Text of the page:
Offshore wind power is poised to deliver an essential contribution to a clean, robust, and diversified U.S. energy portfolio. Capturing and using this large and inexhaustible resource has the potential to mitigate climate change, improve the environment, increase energy security, and stimulate the U.S. economy.
The United States is now deliberating an energy policy that will have a powerful impact on the nation's energy and economic health for decades to come. This report provides a broad understanding of today's wind industry and the offshore resource as well as the associated technology challenges, economics, permitting procedures, and potential risks and benefits. An appreciation for all sides of these issues will help to build an informed national dialog and shape effective national policies.
Chapter 8 - Environmental and Socioeconomic Risks of Offshore Wind Projects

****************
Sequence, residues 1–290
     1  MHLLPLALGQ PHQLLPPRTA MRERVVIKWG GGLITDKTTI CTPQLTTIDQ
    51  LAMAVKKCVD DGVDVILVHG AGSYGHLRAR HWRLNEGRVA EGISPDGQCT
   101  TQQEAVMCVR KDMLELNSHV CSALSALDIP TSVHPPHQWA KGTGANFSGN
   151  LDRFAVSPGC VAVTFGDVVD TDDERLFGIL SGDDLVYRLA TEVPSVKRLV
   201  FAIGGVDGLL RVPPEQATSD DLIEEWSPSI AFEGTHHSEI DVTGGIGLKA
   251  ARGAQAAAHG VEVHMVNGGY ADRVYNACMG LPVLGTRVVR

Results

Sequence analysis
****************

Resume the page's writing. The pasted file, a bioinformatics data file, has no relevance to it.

This section looks at the potential risks and uncertainties associated with siting, constructing, and operating offshore wind facilities within a gigawatt-scale deployment strategy. Balancing varied social interests (e.g., lower energy costs, quality of life, energy independence, and reduced power plant emissions and waste streams) with ecological considerations (e.g., habitat health, species and resource protections, and coastal management) will require a careful analysis of competing values to understand and optimize this interplay for the benefit of society. This section summarizes different sectors of risk, based on the available evidence from Europe (see Section 8.5) and building on previous synthesis reports such as Worldwide Synthesis and Analysis of Existing Information Regarding Environmental Effects of Alternative Energy Uses on the Outer Continental Shelf (Michel et al. 2007), the Cape Wind Final Environmental Impact Statement (FEIS; MMS 2009a), and recent state-funded research. Several analytical constructs and themes frame environmental and social concerns related to offshore wind development.